Industry experts agree that one of the first steps business owners must take when considering the development of a succession plan is identifying who the successor will be and whether that individual is ready and willing to take over. If the selected individual is not prepared, it could take years to train him or her to run the business successfully.

“A lot of times, what entrepreneurs do is they create a job that only they can do,” says Rogg. “So, when theyre looking for a successor, the only person who can do that job is them.”

Terrance Kral has seen this in his practice as he works with business owners. Business owners who are successful and have run their business for several years have done every job in the companyfrom sales and marketing to accounting and customer service, says Kral, who is a partner with Kral, Goodenough & Kral, Inverness, Ill. “Now, when the business owner picks a successor, how long will it take for the successor to be able to do all these things?”

To solve this problem, the business owner must think about his role in the company and determine exactly what the successors job should be, explains Rogg. “That requires the business owner to think about the position, the profile or tasks and activities that need to be done, and the skills and competencies that are required to be successful,” he says.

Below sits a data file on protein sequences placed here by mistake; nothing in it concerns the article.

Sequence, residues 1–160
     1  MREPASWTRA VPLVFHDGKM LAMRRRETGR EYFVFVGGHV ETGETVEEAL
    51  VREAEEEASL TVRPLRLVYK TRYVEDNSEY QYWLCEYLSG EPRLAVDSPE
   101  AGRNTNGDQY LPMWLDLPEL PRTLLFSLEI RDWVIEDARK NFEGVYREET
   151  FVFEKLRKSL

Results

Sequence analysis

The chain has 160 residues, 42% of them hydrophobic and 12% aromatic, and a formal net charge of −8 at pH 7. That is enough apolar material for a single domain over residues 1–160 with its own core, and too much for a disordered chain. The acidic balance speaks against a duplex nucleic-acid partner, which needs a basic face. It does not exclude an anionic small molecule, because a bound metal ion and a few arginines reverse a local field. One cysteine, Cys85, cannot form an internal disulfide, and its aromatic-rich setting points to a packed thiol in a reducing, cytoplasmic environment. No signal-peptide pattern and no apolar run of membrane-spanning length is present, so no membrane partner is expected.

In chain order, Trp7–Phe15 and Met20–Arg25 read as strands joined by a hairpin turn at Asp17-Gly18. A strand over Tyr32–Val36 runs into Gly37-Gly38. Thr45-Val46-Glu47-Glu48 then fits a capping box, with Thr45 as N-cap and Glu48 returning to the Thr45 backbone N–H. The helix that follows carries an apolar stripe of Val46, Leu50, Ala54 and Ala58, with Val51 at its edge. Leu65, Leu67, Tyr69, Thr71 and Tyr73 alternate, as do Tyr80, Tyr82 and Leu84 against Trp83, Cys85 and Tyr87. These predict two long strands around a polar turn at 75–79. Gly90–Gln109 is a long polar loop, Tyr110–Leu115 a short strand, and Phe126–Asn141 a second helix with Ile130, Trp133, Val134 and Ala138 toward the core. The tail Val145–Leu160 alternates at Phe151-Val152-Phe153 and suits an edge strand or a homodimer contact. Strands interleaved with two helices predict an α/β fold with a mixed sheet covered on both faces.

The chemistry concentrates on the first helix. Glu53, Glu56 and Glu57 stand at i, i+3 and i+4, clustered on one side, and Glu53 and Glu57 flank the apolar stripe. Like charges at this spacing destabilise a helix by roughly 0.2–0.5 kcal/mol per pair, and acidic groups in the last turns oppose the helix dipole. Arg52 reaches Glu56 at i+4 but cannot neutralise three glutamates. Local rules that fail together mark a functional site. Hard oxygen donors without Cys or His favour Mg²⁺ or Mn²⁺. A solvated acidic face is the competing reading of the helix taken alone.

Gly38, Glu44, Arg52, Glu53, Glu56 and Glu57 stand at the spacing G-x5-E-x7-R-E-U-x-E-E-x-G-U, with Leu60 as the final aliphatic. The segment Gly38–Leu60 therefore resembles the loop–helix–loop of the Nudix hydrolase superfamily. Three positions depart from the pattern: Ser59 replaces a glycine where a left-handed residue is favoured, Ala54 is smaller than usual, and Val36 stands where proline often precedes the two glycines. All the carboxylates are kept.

This usually results in the business owner delegating more tasks to members of the management team. Once the position has been redesigned so that someone other than the owner can do it, a successor must be found and groomed for that role. The grooming process, Rogg adds, can take several years.

“Its important for people to understand you cant train someone to be a good leader or CEOthat is born out of experience,” explains Rogg. “And since its born out of experience it takes timeyou cant start it 3 months before you need somebody ready to step into that role,” he says.

Kral agrees. In one situation in which Kral was involved, his business owner client had 2 sons and a key executive who would be taking over his business. While all 3 would own the business, one of the sons was being groomed to be the president of the company. “For a 10-year period of time, he went through the grooming process,” he says.